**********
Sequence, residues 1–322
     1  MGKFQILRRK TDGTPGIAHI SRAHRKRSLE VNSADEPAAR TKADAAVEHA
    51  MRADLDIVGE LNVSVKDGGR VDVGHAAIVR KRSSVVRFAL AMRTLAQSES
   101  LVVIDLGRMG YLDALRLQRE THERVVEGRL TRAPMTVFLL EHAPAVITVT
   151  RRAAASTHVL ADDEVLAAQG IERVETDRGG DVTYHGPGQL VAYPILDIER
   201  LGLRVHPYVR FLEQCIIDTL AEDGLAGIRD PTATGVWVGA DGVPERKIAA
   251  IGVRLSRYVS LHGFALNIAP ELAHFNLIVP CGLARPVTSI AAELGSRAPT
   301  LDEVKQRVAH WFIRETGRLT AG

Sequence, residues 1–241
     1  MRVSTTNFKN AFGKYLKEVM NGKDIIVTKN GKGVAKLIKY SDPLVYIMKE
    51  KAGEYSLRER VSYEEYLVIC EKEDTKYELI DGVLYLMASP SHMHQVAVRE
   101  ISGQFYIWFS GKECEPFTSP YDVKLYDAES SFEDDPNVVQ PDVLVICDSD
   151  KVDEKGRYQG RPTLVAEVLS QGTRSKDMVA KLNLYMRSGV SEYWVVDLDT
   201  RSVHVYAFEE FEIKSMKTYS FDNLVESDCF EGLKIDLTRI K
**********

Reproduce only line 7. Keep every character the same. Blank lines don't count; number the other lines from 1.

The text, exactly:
   251  IGVRLSRYVS LHGFALNIAP ELAHFNLIVP CGLARPVTSI AAELGSRAPT